Por: Carlos Espinosa Gallegos-Anda
In recent years, Ecuador has reformed its renewable energy policy. New legal framings and policies have gradually been incorporated since 2015 legislative reforms to the Ley Orgánica del Servicio Público de Energía Eléctrica (LOSPEE) – Ecuador’s Electricity Law.
Convergence of technical, meteorological, macroeconomic, and political conditions, predicted for the final quarter of 2023 and first semester of 2024, will levy considerable strains on Ecuador’s electricity market. The foreseeable consequences of “El Niño” weather phenomenon, operational difficulties at various hydroelectric power plants, energy distribution losses, aging infrastructure, rising commodity prices and the political uncertainty generated by Ecuador’s current presidential elections, demand swift and assertive policy responses.
In a previous note https://rb.gy/8p5lx we discussed some of the structural conditions and challenges facing Ecuador’s electricity market. A central point of our analysis was that “under the current conditions, Ecuador’s key export industries must limit their exposure to energy price fluctuations. Local industries supplying Ecuador’s domestic market will face the same challenges”.
Our analysis suggested that, although certain regulatory and policy reforms to Ecuador’s energy market had been introduced, targeted efforts were still needed by both public and private interests.
On 14 September 2023, Ecuador’s Ministry of Energy and Mining or MEM, sanctioned Ministerial Decree MEM-MEM-2023-0017-AM to “Generate Optimal Conditions for the Inclusion of Self-Supply Generated Distribution in Ecuador’s Electric System”.
Ecuador’s MEM is the country’s National Energy Authority. The recently sanctioned policy framing serves as a sort of “blueprint” for upcoming technical regulation reform. Wielding of such powers by MEM is clearly stated in the Ministerial Decree’s First Transitory Disposition which grants, Ecuador’s Electricity Regulator or ARCERNNR, 30 days to draft and present regulatory reforms under the new policy guidelines.
The urgency and necessity of such reforms is confirmed by the Vice-minister of Electricity and Renewable Energy’s February 2023 orders to ARCENNR, urging it to expedite changes “in order to minimize the risk of electricity supply shortages for the 2023 – 2024 drought”.
These new policy guidelines cannot be understated. MEM ordered ARCERNNR to prepare the necessary regulatory updates required to “increment self-supply mechanisms”. Central features of these “updates” required surgical tweaking of two technical regulations: (i) ARCERNNR Regulation 001/2021 regarding the “Legal Framework for Self-Supply Generated Distribution by Regulated Electric Energy Consumers”; and (ii) ARCERNNR Regulation 006/2023 regarding the “Legal Framework for Self-Supply Generated Distribution by Non-Regulated Electric Energy Consumers”.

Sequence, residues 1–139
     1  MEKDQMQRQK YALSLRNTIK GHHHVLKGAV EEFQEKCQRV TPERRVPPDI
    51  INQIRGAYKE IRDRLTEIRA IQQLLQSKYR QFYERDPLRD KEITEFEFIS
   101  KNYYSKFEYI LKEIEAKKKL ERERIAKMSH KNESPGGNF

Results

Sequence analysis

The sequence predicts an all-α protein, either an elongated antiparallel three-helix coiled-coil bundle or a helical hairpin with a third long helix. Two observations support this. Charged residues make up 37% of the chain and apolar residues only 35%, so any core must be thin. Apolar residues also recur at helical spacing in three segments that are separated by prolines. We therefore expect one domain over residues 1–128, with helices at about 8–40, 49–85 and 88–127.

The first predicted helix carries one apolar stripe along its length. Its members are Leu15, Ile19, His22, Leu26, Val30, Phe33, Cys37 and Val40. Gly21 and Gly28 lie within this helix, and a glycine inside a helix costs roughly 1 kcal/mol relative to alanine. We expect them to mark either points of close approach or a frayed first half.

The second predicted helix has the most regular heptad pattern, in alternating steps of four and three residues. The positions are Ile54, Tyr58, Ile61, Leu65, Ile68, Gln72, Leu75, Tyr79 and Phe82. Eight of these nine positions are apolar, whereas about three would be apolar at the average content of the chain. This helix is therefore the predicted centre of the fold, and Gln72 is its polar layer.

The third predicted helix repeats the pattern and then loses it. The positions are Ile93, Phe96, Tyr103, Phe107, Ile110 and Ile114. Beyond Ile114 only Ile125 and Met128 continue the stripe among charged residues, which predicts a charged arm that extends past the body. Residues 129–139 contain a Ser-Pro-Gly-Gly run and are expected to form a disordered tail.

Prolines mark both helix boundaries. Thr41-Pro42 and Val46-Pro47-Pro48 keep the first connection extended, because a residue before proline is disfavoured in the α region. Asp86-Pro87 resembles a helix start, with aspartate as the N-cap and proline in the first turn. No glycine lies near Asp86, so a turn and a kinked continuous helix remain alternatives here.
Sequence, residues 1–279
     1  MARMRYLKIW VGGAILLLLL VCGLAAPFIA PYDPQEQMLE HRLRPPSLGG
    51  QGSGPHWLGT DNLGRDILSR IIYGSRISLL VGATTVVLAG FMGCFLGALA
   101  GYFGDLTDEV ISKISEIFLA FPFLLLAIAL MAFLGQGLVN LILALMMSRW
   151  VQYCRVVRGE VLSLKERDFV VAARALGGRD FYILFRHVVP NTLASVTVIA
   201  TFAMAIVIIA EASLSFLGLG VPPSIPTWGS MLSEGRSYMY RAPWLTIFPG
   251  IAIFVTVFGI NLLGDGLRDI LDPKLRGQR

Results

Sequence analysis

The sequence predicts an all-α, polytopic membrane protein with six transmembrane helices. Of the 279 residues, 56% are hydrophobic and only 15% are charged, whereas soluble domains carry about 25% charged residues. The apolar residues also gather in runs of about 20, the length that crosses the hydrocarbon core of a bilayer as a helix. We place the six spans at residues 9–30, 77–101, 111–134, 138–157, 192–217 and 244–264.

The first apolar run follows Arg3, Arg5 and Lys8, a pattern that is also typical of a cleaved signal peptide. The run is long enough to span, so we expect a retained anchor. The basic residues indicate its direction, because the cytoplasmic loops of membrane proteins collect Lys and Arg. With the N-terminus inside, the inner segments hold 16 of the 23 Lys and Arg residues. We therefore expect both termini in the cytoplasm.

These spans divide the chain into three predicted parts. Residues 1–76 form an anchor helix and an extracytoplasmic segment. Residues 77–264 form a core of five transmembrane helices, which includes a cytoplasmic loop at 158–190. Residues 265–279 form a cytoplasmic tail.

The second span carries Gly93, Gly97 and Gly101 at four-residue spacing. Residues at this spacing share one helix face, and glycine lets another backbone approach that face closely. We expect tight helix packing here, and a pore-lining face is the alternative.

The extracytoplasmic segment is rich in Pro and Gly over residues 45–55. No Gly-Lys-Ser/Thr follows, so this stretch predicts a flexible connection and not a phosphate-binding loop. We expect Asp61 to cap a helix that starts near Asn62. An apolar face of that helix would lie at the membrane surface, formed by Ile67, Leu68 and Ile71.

Overall, the new policy framework sanctioned by MEM, orders the ARCERNNRR to address these key issues:
Many other policy and normative reforms for self-supply energy generation are still required. Ecuador’s overt preference for hydroelectric power generation between 2013 and 2020, will come under heavy stress as El Niño weather patternushers in drought and decreased water volume to the country’s main power plants. Operational conditions and limitations, that must also, navigate the complexities of decreased public spending supporting public works.
Despite the complex scenarios facing Ecuador, efforts by the Central Government incentivizing private investment in self-supply networks are welcomed. Whilst the scope and viability of the new self-supply policy guidelines will largely depend on the regulations proposed and presented by ARCERNNR, the overall scheme favors renewable energy deployment.
These “favorable” policy settings, represent an opportunity for renewable energy providers (excepting hydroelectric power) and private businesses hungry for cheaper electricity. Particularly, export orientated industries such as shrimp, flowers, banana, fishing, or canned goods may benefit from the current regulatory landscape. Two key “incentives” for investing in renewable energy are: (i) tax incentives amounting to double depreciation of renewable energy investments; and (ii) adherence to Green House Gas measurement, reduction and neutrality policies that commence on 1 October 2023, and will gradually come-into-effect throughout the European Union, one of Ecuador’s main export destinations.
Until ARCERNNR expedites the revised regulations the full scope of these reforms is unknown. However, policy signals are clear: private investment in renewable energy will most likely be a cornerstone of Ecuador’s current and future electricity policy. Additionally, political risk associated to such reforms, as a new government may limit their rollout, must be analyzed in purview of the overall challenges looming over Ecuador electricity market.
In other words, natural phenomena, political conditions, macroeconomic limitations and increasing demand will beneficially “pressure” renewable energy deployment.
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Carlos Espinosa Gallegos-Anda oversees Apolo’s renewable energy advisory. His experience includes public appointments such as Undersecretary for Climate Change, Undersecretary General for Anti-Corruption, country advisor for Ecuador before the Green Climate Fund and National Designated Authority before the Adaptation Fund. Carlos holds a PhD in Politics and International Relations and an LLM on Renewable Energy Projects and Law.